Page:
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12CommentsJoined December 25th, 2016

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  • RFID Reader Detector and Tilt-Sensitive RFID Tag

    if you still have this/ever try it again.... I think non conducting tape over the first layer except for one little edge then another layer of coper joined to that exposed tap and laid over the insulator layer (connected spiral of copper tape > insulator tape) vertically would work a bit better. dont bother with inward spiral as author of tutorial showed. The coils in the devices are usually vertical stacks. If you do EE stuff semi regularly you should pick up a roll of whats called "kapton tape" insulates and can with stand the heat of a soldering iron(like under the copper tape...solder doesnt actually stick to it.) If you have ever seen the transparent yellow orange tape on a lipo pack or inside electronics you probably respect this adhesive already, every time i see it ...see more »if you still have this/ever try it again.... I think non conducting tape over the first layer except for one little edge then another layer of coper joined to that exposed tap and laid over the insulator layer (connected spiral of copper tape > insulator tape) vertically would work a bit better. dont bother with inward spiral as author of tutorial showed. The coils in the devices are usually vertical stacks. If you do EE stuff semi regularly you should pick up a roll of whats called "kapton tape" insulates and can with stand the heat of a soldering iron(like under the copper tape...solder doesnt actually stick to it.) If you have ever seen the transparent yellow orange tape on a lipo pack or inside electronics you probably respect this adhesive already, every time i see it (even in old devices) it looks new and is still stuck where it should be. Nasa likes it as well if that means anything.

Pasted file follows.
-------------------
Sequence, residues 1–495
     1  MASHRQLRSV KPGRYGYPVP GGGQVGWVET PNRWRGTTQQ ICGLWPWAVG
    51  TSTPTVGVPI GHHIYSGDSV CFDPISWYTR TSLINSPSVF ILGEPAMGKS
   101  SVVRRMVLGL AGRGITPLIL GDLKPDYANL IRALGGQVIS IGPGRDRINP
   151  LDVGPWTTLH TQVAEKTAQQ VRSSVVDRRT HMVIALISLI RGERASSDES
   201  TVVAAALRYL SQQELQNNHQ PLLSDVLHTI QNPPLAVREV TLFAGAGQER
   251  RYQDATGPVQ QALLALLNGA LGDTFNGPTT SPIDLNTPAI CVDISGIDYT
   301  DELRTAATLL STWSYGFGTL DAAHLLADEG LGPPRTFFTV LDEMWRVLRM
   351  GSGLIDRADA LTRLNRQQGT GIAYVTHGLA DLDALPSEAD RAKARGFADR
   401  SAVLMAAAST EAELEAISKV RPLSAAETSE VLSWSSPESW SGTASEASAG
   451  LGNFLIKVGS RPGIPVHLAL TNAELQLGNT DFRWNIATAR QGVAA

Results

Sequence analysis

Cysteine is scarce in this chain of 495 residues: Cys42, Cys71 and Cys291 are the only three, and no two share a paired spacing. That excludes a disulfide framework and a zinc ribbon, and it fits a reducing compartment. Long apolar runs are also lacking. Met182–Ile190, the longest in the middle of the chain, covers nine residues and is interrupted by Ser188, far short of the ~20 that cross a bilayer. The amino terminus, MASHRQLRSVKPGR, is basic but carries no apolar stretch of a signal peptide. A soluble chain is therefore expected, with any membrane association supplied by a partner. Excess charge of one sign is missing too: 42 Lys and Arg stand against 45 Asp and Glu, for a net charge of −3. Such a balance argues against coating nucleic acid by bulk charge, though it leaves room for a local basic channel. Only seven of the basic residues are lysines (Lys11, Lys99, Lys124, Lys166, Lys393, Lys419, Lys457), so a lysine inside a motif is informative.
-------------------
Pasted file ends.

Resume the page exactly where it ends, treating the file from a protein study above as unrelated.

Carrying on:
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  • JohnathanW15 commented on jts3k's instructable Controlling solenoids with arduino2 months ago
    Controlling solenoids with arduino

    use a "logic level mosfet" they come in N and P variety. N turns on when the gate pin is driven high, p turns on when get is grounded. you can also use p channels as reverse polarity safety devices on stuff you build and frequently connect/disconect power wire... if you tie the gate pin to ground then connect positive through the remaining terminals... the switch will be off if positive gets connected where ground is supposed to be on your power in. ;)

    i forgot to mention, after checking a mosfet can handle the volts and amps you need, look for RDS on value... that is the resistance through the part when the "switch" is on. n channel is lower but p channel is easier to use and still very reasonably low.

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  • JohnathanW15 commented on jts3k's instructable Controlling solenoids with arduino2 months ago
    Controlling solenoids with arduino

    its 2017, use a n or p channel mosfet

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  • Stop using Ferric Chloride etchant!  (A better etching solution.)

    that dude is one hell of a buzz kill. thanks for the great tutorial

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  • ATX to Lab Bench Power Supply Conversion